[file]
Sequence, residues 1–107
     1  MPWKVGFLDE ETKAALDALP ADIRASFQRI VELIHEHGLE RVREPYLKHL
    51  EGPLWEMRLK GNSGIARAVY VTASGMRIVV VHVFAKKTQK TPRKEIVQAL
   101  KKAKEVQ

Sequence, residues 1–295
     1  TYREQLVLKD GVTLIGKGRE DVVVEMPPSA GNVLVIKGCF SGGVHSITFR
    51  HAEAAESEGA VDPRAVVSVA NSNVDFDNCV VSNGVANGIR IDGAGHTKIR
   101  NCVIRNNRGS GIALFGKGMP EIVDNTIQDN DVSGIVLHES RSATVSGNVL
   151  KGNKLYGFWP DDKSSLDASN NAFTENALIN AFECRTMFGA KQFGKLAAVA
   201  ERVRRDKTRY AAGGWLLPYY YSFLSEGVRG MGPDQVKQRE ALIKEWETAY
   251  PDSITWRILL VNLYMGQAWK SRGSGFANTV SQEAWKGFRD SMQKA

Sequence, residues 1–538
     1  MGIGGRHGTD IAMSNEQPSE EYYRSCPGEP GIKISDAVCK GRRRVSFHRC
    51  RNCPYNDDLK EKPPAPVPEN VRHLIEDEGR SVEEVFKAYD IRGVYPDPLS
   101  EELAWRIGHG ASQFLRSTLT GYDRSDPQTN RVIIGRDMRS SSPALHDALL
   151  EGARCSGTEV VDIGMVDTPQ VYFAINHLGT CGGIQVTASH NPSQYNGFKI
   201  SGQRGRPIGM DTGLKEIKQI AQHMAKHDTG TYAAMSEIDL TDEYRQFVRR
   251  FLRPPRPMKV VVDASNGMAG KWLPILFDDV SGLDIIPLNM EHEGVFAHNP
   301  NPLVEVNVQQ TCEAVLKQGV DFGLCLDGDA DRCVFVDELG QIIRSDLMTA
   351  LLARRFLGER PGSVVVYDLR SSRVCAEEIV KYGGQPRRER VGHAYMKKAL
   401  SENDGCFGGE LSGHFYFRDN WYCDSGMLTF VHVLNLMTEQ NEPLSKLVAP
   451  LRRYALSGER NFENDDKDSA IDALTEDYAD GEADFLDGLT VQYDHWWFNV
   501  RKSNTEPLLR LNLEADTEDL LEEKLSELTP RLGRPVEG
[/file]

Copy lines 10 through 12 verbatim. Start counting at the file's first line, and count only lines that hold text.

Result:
   201  ERVRRDKTRY AAGGWLLPYY YSFLSEGVRG MGPDQVKQRE ALIKEWETAY
   251  PDSITWRILL VNLYMGQAWK SRGSGFANTV SQEAWKGFRD SMQKA

Sequence, residues 1–538